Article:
“The Shape of Gold”, Rä di Martino, “Allunati #19 “, 2020
Rä di Martino
Allunati #19, 2020
gold leaf, archival pigment print
on cotton paper
134 × 118 cm, with frame
BUILDINGBOX dedicates the 2021 season to the theme of gold in contemporary art with the annual exhibition project The Shape of Gold curated by Melania Rossi. The exhibition aims to offer an overview of the use of gold in contemporary artistic research by presenting the works of twelve artists who allude or use the noble metal in different ways and practices. The installations will be visible 24 hours a day, 7 days a week from the window in via Monte di Pietà 23.
The third artist, featured from March 10th to April 8th, 2021, is Rä di Martino (Rome, 1975) who will be presenting a single work specifically created for BUILDINGBOX.
Allunati [Moon Landers] is the title of a series of works that Rä di Martino began in 2020, featuring golden human silhouettes that stand out against a tranquill, silent lunar landscape, captured performing domestic tasks connected to daily life on earth. The artist uses visual contrasts and reversals of meaning to raise questions about what is imprinted on our memory, and plays with mechanisms of reminiscence and reference, uncovering the elusive nature of our mental processes.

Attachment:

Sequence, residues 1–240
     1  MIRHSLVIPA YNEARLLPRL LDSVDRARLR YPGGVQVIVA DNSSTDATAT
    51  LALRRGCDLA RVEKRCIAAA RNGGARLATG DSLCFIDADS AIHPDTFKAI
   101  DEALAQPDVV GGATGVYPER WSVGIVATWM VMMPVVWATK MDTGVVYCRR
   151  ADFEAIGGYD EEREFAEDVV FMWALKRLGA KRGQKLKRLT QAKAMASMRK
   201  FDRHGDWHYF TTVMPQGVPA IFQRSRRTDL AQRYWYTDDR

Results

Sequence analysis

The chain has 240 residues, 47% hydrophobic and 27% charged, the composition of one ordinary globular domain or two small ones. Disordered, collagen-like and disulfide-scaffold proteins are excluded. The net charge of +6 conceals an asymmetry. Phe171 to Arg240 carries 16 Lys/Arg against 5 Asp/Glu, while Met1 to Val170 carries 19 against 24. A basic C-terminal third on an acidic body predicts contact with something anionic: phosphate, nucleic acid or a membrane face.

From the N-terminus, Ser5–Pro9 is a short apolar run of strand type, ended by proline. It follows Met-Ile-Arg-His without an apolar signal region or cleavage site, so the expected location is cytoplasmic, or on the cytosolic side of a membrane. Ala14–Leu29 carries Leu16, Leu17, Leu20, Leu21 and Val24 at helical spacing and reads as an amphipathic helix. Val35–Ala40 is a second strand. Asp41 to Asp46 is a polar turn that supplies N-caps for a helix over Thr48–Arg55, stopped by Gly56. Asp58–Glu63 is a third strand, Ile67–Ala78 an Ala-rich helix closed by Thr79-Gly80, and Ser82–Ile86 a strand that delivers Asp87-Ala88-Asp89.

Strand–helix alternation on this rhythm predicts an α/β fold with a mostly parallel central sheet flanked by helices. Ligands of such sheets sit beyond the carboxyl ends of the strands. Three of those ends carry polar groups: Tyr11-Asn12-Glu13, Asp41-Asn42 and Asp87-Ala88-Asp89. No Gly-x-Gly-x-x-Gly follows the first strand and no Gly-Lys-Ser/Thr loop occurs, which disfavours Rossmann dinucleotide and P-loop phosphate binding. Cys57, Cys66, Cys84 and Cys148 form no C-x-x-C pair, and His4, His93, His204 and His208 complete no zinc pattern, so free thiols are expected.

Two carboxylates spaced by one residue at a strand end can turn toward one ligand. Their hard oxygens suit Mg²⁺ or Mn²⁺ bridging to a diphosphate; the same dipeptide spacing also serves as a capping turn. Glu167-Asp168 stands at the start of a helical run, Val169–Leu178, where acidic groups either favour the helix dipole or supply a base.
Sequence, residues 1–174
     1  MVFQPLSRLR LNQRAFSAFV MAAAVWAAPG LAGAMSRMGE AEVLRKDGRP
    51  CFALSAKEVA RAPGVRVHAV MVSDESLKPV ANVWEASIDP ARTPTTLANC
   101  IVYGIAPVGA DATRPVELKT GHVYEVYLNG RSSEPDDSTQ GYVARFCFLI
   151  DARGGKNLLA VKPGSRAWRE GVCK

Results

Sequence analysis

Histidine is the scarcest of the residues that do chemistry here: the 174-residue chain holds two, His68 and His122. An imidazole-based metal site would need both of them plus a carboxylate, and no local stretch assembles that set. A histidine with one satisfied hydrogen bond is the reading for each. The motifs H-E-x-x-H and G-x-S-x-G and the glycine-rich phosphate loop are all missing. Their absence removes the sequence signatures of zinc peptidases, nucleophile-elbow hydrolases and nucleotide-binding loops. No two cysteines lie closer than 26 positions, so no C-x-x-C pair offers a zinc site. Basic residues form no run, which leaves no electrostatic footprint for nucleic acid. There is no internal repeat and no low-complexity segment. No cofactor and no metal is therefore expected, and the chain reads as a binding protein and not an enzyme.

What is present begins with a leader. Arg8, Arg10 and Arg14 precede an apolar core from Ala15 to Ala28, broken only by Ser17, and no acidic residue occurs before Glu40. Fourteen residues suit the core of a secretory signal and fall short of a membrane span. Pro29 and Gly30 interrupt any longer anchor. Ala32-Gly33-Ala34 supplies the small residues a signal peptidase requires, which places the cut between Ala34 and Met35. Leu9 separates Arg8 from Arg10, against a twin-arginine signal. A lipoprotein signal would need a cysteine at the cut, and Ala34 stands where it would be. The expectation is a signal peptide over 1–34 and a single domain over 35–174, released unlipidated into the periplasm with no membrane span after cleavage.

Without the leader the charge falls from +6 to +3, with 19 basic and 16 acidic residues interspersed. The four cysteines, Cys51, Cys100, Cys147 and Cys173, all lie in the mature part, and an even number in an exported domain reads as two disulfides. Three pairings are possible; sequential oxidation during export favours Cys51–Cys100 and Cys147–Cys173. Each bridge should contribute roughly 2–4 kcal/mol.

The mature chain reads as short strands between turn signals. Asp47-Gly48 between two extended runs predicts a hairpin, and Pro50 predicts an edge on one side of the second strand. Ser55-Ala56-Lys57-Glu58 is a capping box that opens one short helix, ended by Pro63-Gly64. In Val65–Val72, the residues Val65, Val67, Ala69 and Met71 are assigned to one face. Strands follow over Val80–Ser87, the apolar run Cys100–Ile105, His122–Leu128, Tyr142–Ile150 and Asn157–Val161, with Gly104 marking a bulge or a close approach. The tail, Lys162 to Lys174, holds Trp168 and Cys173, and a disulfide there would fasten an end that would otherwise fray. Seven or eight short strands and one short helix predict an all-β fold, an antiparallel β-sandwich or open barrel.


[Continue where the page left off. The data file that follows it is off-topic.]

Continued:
Di Martino often takes inspiration from mythologies fueled by cinema and television, mixing reality and fiction in a poetic, ironic and unsettling way.
Humans have always fantasized about setting foot on the moon, and well before astronomers, engineers, physicists and scientists got to work, artists used their intuition and imagination to envisage “lunar reality”. Just think of the director Georges Méliès, whose 1902 film Le Voyage dans la Lune predates by almost seventy years one of the most famous and exciting images in human history: the earth seen from the moon.
In front of Allunati #19, which the Roman artist created specifically for The Shape of Gold and the BUILDINGBOX window space, we see an image that we can immediately identify with (a man walking, just like the people in the street walking past the window), but which also evokes the layering up of visual memories, created by the collage of photographs of lunar soil published by NASA.
This work taps into a collective imagination that mingles everyday life, extraordinary events and cinematic fiction, subtly highlighting the paradoxical nature of so-called “normality”. The gold leaf emerges from the black and white background, creating a contrast: this precious metal covers and protects the lonely/bewildered passer-by, like a sort of poetic spacesuit for everyday life, now less predictable than ever.